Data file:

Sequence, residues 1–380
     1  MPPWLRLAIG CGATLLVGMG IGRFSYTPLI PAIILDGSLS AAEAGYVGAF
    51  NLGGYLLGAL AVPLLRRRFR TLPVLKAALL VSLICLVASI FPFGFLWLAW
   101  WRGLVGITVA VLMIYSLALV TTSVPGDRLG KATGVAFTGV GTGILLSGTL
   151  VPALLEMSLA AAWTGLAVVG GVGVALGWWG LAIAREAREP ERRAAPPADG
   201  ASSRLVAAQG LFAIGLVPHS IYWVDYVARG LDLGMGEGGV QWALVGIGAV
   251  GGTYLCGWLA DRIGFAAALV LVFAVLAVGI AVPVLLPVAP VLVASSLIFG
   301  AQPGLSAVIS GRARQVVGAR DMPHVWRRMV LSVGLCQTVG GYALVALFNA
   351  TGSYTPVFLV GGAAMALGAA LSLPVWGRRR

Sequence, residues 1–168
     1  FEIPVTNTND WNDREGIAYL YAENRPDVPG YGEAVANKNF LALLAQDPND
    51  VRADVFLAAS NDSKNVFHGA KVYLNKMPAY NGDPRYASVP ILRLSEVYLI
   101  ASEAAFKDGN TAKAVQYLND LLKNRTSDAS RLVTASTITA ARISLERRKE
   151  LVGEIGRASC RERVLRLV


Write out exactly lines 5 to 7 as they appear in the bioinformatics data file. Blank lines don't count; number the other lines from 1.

   151  VPALLEMSLA AAWTGLAVVG GVGVALGWWG LAIAREAREP ERRAAPPADG
   201  ASSRLVAAQG LFAIGLVPHS IYWVDYVARG LDLGMGEGGV QWALVGIGAV
   251  GGTYLCGWLA DRIGFAAALV LVFAVLAVGI AVPVLLPVAP VLVASSLIFG